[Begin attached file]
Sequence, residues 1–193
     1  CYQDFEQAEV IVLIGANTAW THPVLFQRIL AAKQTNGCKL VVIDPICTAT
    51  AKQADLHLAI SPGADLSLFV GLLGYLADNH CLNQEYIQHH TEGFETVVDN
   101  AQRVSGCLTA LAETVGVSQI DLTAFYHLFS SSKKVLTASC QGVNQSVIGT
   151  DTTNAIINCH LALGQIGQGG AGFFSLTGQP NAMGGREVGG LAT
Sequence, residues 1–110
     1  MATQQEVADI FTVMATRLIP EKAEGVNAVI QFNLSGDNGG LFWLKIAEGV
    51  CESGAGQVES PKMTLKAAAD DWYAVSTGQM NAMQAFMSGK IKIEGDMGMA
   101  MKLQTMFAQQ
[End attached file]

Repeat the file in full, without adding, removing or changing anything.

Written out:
Sequence, residues 1–193
     1  CYQDFEQAEV IVLIGANTAW THPVLFQRIL AAKQTNGCKL VVIDPICTAT
    51  AKQADLHLAI SPGADLSLFV GLLGYLADNH CLNQEYIQHH TEGFETVVDN
   101  AQRVSGCLTA LAETVGVSQI DLTAFYHLFS SSKKVLTASC QGVNQSVIGT
   151  DTTNAIINCH LALGQIGQGG AGFFSLTGQP NAMGGREVGG LAT
Sequence, residues 1–110
     1  MATQQEVADI FTVMATRLIP EKAEGVNAVI QFNLSGDNGG LFWLKIAEGV
    51  CESGAGQVES PKMTLKAAAD DWYAVSTGQM NAMQAFMSGK IKIEGDMGMA
   101  MKLQTMFAQQ